Islamic History Month, first recognized by the Canadian government in 2007, was the first step toward recognizing the achievements of Muslims within Canada and the historical footprint imprinted. According to the national household survey, Islam is the fastest-growing religion in Canada and the effects of Muslims that predate us are still felt to this day. The National Canadian Council of Muslims previously detailed in an article for the Ottawa Citizen, names of exceptional Muslims that predated our times. For example, there were Muslims like Bedouin Ferran who was elected to office in 1964 and represented the Indigenous peoples living in the Northwest Territories. So with our cultural contribution and history of advocation in Canada, what does it mean to truly be a Muslim advocate within this new world?
Activism Defined in Accordance with Islam
Activism is no longer a word that is only defined as campaigning to bring about political change. Like most modern terminology, it is a social construct that comes with a lot of preconceived notions. The word has been further defined to include smaller categories like performance activism or radical activism. To simply exist as an activist comes with political and social implications which this paper would like to define according to the Qur’an and Sunnah.
As the modern world progresses we become ever more globalized. The news is regularly filled with international and national instances of injustice. It seems as though at any moment a person can open their phone or refer to their news app and they will witness a catastrophe. These intensified news cycles and heightened social consciousness have created activists out of everyone. As a person who exists in this modern age, there is an increasing pressure to stand for something, and you must defend your opinion of what constitutes injustice. As Al-Hajj Al-Malik AL-Shabaz said, “A man who stands for nothing will fall for anything”. However, Muslims should fully grasp and understand what they are standing for and the implications that come with it prior to moving forth. We are increasingly desensitized to singular catastrophes and often try to pursue bigger causes for greater effects. With the rise of injustice globally, how should we act as Muslims? How are we supposed to champion for the oppressed, and ensure that we are not the oppressors?
Simply put, we must treat our activism as we would any action in our modern-day life. We must define activism in accordance with Islam and act upon it within the boundaries set for us within our religion. The first way to do this is to purify one’s intention and to ensure that they are not simply championing a cause because it is what is socially expected or popular.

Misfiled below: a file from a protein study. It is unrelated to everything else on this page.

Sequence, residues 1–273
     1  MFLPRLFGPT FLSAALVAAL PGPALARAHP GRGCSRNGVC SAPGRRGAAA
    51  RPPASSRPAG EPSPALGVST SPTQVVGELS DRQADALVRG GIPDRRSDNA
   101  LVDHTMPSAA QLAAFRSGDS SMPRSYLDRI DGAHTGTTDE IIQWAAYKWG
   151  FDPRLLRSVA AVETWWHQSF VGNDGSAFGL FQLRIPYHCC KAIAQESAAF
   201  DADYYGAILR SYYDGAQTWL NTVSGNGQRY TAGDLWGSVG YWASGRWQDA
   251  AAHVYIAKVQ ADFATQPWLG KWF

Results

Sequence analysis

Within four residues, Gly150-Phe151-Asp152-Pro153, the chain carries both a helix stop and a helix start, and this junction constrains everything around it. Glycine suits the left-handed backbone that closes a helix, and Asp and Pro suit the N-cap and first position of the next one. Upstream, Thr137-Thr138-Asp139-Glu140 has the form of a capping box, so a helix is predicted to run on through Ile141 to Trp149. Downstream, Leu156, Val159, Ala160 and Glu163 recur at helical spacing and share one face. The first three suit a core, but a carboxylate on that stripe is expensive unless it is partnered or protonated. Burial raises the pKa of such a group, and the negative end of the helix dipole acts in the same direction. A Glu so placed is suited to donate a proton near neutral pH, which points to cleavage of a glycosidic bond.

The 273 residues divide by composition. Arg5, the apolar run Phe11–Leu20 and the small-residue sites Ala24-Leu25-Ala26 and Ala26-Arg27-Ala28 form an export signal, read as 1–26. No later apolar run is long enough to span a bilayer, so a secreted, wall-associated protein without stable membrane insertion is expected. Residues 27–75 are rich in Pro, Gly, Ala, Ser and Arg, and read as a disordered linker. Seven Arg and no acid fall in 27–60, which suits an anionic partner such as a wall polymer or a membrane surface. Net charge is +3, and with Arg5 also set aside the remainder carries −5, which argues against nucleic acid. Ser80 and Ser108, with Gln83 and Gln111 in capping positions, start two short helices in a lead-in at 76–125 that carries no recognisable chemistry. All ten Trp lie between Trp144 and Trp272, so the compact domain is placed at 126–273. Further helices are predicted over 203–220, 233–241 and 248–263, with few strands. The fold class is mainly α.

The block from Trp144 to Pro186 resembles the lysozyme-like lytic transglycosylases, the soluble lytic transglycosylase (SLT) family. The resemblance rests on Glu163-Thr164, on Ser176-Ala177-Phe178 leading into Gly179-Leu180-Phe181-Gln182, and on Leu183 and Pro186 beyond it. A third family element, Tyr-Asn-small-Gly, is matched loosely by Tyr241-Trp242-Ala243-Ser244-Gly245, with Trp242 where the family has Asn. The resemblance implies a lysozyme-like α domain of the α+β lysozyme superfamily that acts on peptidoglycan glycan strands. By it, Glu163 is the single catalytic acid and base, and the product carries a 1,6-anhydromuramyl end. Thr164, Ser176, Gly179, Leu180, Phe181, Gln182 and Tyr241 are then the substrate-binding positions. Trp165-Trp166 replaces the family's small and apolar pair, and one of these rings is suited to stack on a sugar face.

It is narrated on the authority of Amir al-Mu’minin (Leader of the Believers), Abu Hafs ‘Umar bin al-Khattab (may Allah be pleased with him), who said: I heard the Messenger of Allah (peace be upon him), say
سَمِعْتُ رَسُولَ اللَّهِ صلى الله عليه وسلم يَقُولُ: ” إنَّمَا الْأَعْمَالُ بِالنِّيَّاتِ، وَإِنَّمَا لِكُلِّ امْرِئٍ مَا نَوَى
“Actions are according to intentions, and everyone will get what they intended…” (Related by Bukhari & Muslim)
Furthermore, the great scholar of Islam, Haafidh Ibn Ahmed ‘Alee Al-Hakamee who lived in the 14th century, said in one of his well-renowned works “المنظومة الميمية في الوصايا والآداب العلمية”:
والنية اجعل لوجه الله خالصة
As for the intention make it solely for the sake of Allah (SWT)
إن البناء بدون الأصل لم يقم
For verily a structure or a building without a foundation will never stand
Society has seen the harms of what is now being defined as “performance activism” because people are supporting a cause merely because that is what is popular in society. With performance activism, much larger issues tend to be ignored if they are not made popular by the general public. This includes issues like how our dear brothers and sisters in China, the Uighur Muslims, are imprisoned in concentration camps. Additionally, a Muslim individual may end up supporting a cause that does not align with Islamic Values on the sole basis that it’s trending on Twitter or others are advocating for the cause.
One who wishes to speak as an advocate for a topic must speak from a place of knowledge and humility. A lot of activism that has amounted to nothing or actually caused harm has been either from a place of ignorance or where a person is following others blindly. In Islam, this is prohibited by many scholars and is defined as Taqlid in which Ibn Hazam, the eighth-century scholar, went to the extent of saying that blind following is prohibited in all circumstances and is never allowed.